Knowing when to plant flower bulbs is crucial to every gardener, to ensure that you can enjoy these easy to grow and resilient blooms throughout the seasons. Flower bulbs give a reliable and colourful display in a garden or courtyard with minimum effort required, especially if they are perennials. As most bulbs planted in the ground will naturalise over time and pop up unaided year after year. Alliums and snowdrops are just a couple of gorgeous perennial bulbs that will thrive in a garden.
Spring flowering bulbs, such as daffodils, crocuses and jewel-coloured tulips, herald an end to winter and bring colour back to the garden after its period of dormancy. With careful planning, however, you can have a succession of colour and interest throughout the year from flower bulbs.
So whether you aim for a carpet of blooms planted under deciduous trees, massed displays in borders, or even a few in potted combinations in a courtyard or patio, make some room for bulbs in your garden, whatever its size.
Read on to find out when and how to plant flower bulbs and also the best ones to buy. For more inspiration on what to plant in your garden see our garden ideas section.
When to plant flower bulbs
Now is the time to start planning what flower bulbs you would like to include in your garden, as autumn is the time to start planting them, while the soil is still warm. Whether you choose bulbs, corms, tubers or rhizomes - you want to have planted all of them by early December, before the coldest winter weather sets in.
See our guide to where to buy plants online for sources for your flower bulbs.
Before you start planting, consider the following:
- Always select good quality, plump, firm flower bulbs with little or no root, and reject very small, soft, shriveled or marked ones.
- Use the best grade for containers, beds and borders, and the more economical, second-size for naturalising in grassland or woodland.
- Plant your flower bulbs as soon as possible after purchasing, but if you can’t, then store them in a cool, dark, relatively dry place, using the paper or mesh bags they came in.
What flower bulbs to plant
Plant a variety to have a succession of different flower bulbs flowering from January to May, from the early-blooming snowdrops, winter aconites and crocuses, through snowflakes, scillas, muscari, fritillaries, hyacinths and narcissi, to tulips, alliums and camassias.
Tulips are the most prolific, along with cheerful daffodils, which come in a variety of shapes and colours, from the common yellow to whites and pinks, with singles, doubles or split-coronas. Don’t overlook some other stunners, though, such as muscari and fritillaries, to create your spring scenes.
For early summer colour, you can't beat bold and architectural alliums. These ornamental onions can be added in sunny borders. Allium bulbs should be planted in early to mid autumn and perform best in a sheltered site.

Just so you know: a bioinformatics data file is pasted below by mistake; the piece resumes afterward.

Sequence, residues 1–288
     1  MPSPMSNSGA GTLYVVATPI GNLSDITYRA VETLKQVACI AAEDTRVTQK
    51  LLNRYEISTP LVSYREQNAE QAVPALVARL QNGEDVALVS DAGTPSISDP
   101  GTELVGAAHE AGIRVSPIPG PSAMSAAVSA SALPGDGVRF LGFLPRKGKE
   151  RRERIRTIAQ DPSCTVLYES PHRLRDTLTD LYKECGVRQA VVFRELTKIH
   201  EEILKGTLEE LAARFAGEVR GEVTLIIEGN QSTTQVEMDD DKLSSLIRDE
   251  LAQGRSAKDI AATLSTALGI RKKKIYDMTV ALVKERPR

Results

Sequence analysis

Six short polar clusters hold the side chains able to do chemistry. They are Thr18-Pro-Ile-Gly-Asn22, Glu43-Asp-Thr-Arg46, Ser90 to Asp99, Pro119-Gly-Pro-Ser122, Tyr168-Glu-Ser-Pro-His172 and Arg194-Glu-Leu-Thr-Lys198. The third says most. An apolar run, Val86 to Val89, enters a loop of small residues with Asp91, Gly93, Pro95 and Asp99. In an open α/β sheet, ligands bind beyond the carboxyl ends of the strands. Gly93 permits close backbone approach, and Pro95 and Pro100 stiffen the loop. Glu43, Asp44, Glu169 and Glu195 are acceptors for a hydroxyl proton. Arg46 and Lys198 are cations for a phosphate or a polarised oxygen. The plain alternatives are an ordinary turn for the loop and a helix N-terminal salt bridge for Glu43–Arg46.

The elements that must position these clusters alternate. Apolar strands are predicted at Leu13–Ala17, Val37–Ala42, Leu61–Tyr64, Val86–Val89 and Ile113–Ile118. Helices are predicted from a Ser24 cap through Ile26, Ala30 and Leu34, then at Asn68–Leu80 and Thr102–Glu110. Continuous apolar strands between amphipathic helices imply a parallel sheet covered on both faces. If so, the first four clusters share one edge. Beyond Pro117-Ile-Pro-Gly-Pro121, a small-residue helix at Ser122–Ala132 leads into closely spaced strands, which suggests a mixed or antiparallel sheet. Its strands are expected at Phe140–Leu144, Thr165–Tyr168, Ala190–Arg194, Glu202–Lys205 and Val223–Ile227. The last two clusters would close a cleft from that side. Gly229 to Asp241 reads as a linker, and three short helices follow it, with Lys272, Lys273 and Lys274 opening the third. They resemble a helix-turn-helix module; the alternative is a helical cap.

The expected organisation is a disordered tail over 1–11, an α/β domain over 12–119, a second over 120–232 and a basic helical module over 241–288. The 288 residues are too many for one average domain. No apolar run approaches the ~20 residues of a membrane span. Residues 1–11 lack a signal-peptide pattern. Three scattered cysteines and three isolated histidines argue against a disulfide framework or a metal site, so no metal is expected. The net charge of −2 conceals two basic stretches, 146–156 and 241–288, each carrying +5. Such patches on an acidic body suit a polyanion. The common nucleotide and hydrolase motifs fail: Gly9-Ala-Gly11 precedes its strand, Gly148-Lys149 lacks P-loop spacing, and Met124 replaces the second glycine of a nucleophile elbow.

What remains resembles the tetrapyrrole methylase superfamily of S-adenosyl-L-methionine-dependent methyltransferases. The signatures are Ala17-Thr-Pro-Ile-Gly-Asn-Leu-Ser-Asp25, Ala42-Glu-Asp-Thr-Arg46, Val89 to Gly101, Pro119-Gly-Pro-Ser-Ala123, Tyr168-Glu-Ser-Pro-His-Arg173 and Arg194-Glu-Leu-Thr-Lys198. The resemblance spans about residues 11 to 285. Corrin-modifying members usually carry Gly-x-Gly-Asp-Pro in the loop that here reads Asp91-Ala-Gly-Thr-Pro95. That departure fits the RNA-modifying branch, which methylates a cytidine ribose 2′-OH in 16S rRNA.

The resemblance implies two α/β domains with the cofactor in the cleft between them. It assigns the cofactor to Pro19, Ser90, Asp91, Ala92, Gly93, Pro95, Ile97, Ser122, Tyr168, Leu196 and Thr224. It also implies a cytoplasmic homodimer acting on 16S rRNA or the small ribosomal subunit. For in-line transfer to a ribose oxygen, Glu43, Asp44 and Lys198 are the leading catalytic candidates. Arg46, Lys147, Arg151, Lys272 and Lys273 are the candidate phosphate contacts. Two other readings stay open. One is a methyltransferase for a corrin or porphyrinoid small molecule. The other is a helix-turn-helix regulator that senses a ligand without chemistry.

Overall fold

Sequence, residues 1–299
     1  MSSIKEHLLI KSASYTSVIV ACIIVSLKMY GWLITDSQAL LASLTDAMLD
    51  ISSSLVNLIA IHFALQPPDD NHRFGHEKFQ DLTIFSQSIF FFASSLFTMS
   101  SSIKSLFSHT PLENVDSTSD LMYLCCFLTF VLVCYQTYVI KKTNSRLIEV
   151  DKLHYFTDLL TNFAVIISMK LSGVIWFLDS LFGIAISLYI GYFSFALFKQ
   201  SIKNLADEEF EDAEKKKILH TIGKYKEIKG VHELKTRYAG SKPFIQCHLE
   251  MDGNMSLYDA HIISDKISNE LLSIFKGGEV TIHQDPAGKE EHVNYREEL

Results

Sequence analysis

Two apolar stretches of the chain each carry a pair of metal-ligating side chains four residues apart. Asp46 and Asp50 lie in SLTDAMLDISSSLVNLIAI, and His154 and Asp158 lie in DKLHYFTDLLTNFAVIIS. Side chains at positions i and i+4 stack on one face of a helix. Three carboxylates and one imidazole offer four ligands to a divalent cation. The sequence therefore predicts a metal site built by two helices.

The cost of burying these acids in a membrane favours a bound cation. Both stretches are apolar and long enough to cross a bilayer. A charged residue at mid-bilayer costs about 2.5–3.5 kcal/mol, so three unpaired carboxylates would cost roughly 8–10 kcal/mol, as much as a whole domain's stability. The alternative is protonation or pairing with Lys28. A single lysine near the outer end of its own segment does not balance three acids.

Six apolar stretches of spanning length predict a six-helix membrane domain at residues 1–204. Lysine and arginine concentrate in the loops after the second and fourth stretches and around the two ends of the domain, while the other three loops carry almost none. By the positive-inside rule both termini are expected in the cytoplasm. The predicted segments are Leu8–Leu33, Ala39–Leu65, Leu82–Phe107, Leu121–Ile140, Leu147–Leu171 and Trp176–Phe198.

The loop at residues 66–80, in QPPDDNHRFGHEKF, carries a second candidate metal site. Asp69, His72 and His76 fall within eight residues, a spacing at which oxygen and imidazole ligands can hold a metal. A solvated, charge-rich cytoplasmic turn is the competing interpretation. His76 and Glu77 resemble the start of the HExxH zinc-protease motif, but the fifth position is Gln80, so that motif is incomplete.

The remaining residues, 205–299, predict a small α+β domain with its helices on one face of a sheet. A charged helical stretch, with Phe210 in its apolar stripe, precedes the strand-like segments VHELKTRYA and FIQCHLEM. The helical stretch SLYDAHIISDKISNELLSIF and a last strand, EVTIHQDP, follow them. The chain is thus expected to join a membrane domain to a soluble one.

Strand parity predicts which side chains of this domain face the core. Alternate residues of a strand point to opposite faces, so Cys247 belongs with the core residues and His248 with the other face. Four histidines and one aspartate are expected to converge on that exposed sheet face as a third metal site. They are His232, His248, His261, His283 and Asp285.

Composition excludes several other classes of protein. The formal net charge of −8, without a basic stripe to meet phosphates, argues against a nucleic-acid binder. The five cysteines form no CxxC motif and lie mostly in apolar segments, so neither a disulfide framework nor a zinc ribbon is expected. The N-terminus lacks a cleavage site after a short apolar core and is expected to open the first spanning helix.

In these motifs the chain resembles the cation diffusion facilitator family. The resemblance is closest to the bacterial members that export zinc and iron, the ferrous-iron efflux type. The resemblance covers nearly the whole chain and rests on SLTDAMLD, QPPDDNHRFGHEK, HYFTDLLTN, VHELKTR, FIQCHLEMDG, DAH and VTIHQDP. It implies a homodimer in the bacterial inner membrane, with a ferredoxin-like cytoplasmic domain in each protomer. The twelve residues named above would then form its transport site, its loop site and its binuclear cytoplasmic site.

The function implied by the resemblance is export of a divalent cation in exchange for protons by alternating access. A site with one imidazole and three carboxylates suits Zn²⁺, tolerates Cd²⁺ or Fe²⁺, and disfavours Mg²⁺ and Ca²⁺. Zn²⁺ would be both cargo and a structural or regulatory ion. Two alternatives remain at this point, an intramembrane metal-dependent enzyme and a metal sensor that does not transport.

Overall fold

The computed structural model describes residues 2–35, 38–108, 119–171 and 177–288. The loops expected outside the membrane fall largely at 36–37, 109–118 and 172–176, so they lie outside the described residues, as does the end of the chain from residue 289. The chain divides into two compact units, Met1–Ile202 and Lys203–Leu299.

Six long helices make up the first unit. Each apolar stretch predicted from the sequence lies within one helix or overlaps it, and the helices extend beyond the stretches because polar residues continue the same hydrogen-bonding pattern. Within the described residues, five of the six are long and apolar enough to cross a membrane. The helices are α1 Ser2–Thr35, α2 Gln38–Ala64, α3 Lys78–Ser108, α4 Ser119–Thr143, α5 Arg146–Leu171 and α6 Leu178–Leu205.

TOP TIP: The lower-priced bulbs are generally the ones that are easier to grow. New cultivars are usually more expensive.
Where to plant flower bulbs
To ensure the flower bulbs thrive choose the best planting site. Good drainage is important, so that the bulbs do not rot, and ideally plant them in soil on the loamy, sandy side, in a sunny, sheltered spot, or areas of light shade.
You could create a bulb meadow or jewelled section in the lawn with a succession of flower bulbs. Hardy snowdrops are lovely mixed with hellebores and aconites, planted in naturalised drifts on lawns, against contrasting coloured winter stems, or in troughs. However, snowdrops they are best bought and planted ‘in the green’ as dried bulbs are more difficult to establish - this means immediately after they have flowered, with their foliage still intact.
How to plant flower bulbs
A dibber is useful to make individual holes for small flower bulbs, and for large a good quality carbon-steel bulb planter is invaluable. There are many places you can buy these online, including Crocus, Harrod Horticultural, Suttons, and Waitrose Garden.
Wear gloves when planting flower bulbs as some can be a skin irritant, in particular hyacinths, daffodils, irises and scillas.
- In heavy soil, mix grit into the base of the planting hole. Loosen the soil in beds and borders before planting flower bulbs, fork the soil over and work in some bone meal.
- Different flower bulbs are planted at different depths, generally three times the height of the bulb - check the pack for instructions. Press them gently in the hole before burying the right way up – with the pointed growing tip facing upwards.
- Some tubers, such as begonias, are flatter and should be placed just below the soil surface with the indented side facing upwards.
- Lie flower bulbs on the ground where you want to plant them, in drifts or rows.
- Place bulbs for naturalising by dropping handfuls and plant them where they fall.
- Older varieties of daffodils naturalise best.
Planting flower bulbs in pots
Pots filled with flower bulbs will enliven patios and create seasonal focal points in the garden. They are a wonderful opportunity to get really creative and plant a garden on a small scale.